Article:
Natives for Pots and Containers 3

I think that this topic will be a continuing theme as I regularly see excellent examples of native species growing in pots or containers everywhere I go. There are many reasons for growing native plants in large pots, one of the main reasons is to increase drainage and therefore be able to successfully grow plants that would otherwise die if planted in the garden, a good example is the Ptilotus ‘Joey’ in the image above which is an arid desert plant.

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Another reason is to grow species that might otherwise become too large if planted in the ground, many native plants will quite happily grow with a restricted root zone in a container and they may even thrive, like the WA Banksia species above.

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Don’t be afraid to plant large trees in pots for your balcony or patio, especially if they are species that are used to growing on a naturally rocky soil. These Wollemi nobilis in large containers in the image above are showing no sign of suffering from being pot bound and check out how tall they are compared to the container.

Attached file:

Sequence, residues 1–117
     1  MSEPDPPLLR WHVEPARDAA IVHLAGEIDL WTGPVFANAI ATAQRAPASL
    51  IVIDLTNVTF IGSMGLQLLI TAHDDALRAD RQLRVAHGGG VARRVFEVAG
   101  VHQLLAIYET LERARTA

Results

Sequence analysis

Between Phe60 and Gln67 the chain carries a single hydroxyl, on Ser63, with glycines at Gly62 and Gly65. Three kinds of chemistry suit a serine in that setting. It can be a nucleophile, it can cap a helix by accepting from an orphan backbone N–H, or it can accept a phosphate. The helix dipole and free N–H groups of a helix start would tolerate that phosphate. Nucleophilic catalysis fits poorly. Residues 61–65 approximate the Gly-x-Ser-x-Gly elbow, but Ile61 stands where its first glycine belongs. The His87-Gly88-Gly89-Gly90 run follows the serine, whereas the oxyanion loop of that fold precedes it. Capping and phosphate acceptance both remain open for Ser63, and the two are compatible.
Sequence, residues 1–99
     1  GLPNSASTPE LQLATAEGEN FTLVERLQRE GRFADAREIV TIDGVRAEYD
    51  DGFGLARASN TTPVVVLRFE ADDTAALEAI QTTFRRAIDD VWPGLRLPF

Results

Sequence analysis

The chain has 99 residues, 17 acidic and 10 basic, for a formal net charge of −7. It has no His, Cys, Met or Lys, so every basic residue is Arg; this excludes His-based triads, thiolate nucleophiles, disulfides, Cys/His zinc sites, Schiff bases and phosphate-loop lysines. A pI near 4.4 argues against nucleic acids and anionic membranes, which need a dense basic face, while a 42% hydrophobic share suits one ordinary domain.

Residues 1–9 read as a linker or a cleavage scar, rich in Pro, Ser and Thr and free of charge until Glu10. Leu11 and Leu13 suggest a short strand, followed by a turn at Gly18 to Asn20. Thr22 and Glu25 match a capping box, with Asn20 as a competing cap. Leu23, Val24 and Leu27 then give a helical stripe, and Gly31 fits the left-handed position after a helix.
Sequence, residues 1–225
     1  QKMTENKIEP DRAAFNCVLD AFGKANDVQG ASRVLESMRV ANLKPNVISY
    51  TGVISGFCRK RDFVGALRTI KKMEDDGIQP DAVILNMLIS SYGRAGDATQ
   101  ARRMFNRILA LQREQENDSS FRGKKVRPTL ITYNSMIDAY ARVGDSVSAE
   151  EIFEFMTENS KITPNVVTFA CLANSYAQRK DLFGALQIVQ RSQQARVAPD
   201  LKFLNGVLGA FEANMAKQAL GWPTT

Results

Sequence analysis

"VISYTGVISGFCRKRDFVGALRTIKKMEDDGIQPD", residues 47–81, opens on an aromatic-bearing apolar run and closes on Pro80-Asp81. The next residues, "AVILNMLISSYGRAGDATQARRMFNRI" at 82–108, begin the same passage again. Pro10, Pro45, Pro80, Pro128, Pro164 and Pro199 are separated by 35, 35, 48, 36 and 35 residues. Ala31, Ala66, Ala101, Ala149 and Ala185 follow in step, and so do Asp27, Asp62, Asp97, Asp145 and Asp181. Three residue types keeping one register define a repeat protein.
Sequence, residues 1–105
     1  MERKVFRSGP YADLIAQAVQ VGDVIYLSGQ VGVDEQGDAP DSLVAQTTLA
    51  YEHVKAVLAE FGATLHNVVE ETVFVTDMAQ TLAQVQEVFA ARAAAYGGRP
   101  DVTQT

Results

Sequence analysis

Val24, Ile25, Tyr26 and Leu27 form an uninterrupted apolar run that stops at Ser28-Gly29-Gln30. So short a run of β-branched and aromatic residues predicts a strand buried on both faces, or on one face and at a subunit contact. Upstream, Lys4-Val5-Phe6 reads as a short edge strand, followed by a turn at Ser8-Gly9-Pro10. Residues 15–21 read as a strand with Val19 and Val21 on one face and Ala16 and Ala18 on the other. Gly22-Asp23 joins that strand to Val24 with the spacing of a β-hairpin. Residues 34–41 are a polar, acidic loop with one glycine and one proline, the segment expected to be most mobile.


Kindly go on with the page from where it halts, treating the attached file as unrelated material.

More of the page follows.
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If you are going to grow a tree or large shrub in a pot, why not utilise the soil space below and include some ground cover as well, things that spillover make a good companion and they also reduce moisture loss from the potting mix.

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The Acacia cognata Dwarf species grow well in containers as they appreciate good drainage. Above you can see the Acacia ‘Limelight’ has grown quite large considering the size of the pot and looks great as it begins to weep over the top.

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The shape of the pot can be important too, try to match the look of the container with the aesthetic of the plant, I love this fine leaf Lomandra growing in a tall narrow pot as it mimics the habit of a grass tree.

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Plants growing in pots set within a garden bed are a great way to create a strong feature, they raise the species up higher so it is easier to see and the material they are made from can contrast beautifully with the other plants in the garden bed.

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Always mulch and prune native plants in pots, some will also need to be staked before they get going. For species from WA and SA it is a good idea to mulch with an in-organic mulch like; gravel or pebbles, this will help with the drainage, lessening the likelihood of fungal problems.

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Other natives like Epacris longiflora love growing in a pot that retains moisture, they are perfectly happy to sit with a dish of water under them to ensure they don’t dry out, which is much easier to maintain in a pot than in the ground!

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